Not to mention Harvin is elite on special teams as well. In four years he has amassed 3,183 yards and five touchdowns on kick returns.
Notice how we have not even detailed the position Harvin plays yet? He was the Vikings' leading receiver last season, despite playing in only nine games. He caught 62 passes for 677 yards and three touchdowns.
Ponder is right to sing Harvin's praises—he owes a lot of what minimal success he achieved in 2012 to Harvin. Ponder threw for over 200 yards in seven games last season. Five of those were games in which Harvin was active. 10 of his meager 18 touchdowns came in that same time frame.
There is a reason for that. When Harvin is making big plays, defenses have to throw some attention his way, which opens up opportunities for other players on the field, making Ponder's job much easier. It also makes Peterson's job easier, as defenses cannot stack the box as much to stop him and risk letting Harvin get open deep.
Harvin's productivity on the field and impact on the outcome of games when not even contributing is staggering—enough to dismiss the slight off-field issues.
In fact, there are conflicting reports as to why Harvin demanded a trade in the first place. The same goes for how much money he is looking for as he enters the final year of his rookie deal.
According to ESPN's Josina Anderson, Harvin is looking for $10-12 million a year, or at least some think an argument could be made for that type of contract. Most observers believe those financial numbers are what led Harvin to request a trade.
But CBS' Jason La Canfora begs to differ:
Harvin's trade requests have been based on the limitations of Minnesota's passing game and not his contract, according to the source, who has knowledge of the Vikings' thinking. Harvin has not complained about his deal to the team and has never threatened to hold out based on his contract.
Whether or not Canfora's sources are correct, one thing is for certain—the Vikings have an abysmal offense outside of Harvin and Peterson. Ponder has struggled without Harvin; losing such a playmaker over a potential financial dispute would be ludicrous.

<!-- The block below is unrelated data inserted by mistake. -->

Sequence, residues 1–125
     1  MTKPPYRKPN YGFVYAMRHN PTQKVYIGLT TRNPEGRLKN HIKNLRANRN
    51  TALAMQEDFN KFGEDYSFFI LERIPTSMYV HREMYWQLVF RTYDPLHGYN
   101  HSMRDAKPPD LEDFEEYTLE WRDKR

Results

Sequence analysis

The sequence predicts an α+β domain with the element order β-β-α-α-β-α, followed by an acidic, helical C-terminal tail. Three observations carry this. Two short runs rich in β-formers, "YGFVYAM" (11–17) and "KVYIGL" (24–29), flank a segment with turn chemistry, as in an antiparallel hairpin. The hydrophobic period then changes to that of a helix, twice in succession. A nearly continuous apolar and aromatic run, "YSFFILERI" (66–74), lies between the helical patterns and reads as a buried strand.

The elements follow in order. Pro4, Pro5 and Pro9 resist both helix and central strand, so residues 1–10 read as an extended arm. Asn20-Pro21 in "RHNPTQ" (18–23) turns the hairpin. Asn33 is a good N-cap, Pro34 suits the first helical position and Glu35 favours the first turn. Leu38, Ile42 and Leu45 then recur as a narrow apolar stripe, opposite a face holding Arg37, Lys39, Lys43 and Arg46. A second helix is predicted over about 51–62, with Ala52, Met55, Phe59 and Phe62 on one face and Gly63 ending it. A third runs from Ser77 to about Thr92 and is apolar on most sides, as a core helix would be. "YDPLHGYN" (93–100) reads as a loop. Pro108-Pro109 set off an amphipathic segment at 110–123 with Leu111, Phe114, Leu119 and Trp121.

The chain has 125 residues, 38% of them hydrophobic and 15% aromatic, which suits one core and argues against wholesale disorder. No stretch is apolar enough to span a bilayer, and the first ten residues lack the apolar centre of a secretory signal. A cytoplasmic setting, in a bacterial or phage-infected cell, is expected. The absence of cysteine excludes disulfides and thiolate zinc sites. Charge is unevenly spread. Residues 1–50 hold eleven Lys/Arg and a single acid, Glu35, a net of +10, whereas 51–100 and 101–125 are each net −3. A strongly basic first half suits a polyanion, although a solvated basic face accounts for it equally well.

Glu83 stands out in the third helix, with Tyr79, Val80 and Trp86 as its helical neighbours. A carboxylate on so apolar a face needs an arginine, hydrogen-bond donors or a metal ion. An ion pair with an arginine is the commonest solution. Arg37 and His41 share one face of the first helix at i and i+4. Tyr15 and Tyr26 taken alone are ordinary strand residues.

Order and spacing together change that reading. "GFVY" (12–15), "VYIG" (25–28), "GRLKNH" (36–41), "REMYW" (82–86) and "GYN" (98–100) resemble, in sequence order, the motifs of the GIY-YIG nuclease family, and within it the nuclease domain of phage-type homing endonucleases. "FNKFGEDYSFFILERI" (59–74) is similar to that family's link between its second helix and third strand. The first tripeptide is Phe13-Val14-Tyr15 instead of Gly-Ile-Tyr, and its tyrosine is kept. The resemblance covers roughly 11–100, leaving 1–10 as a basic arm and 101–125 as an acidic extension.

There are not many 24-year-old elite receivers in the NFL. The Vikings happen to have one in Harvin, and trading him away now is taking a gigantic leap back. Even if Harvin does want $10 million or more a year, it is a small price to pay for a franchise looking to take the next step after a playoff berth.
The Vikings have painted themselves into a corner with how they have handled the entire situation. Trading Harvin is not an option. No team is going to give up more than a second-round pick for him this offseason knowing the Vikings may let him walk after his deal expires in a year.
Even if the Vikings were to find good value in a trade, the free-agent market for receivers is a joke. There is Dwayne Bowe, looking for his last payday on the tail end of his career.
There is also Mike Wallace, who has shown many of the same behavioral problems but is not as talented as Harvin. Finally, there is Greg Jennings, who is approaching 30 years old and will not have the best quarterback in the NFL throwing him passes anymore.
The bottom line is simple. Vikings management needs to address Harvin's concerns and find a way to make him want to stick around. The team had to know the financial side of things were inbound given his stellar play, so it should be a non-issue.
Now is the time for the Vikings and Harvin to reconcile, agree to a long-term deal and figure out how to take the next step. Anything else should be considered a massive disappointment for the franchise, and Harvin will go on to make another franchise potential Super Bowl contenders.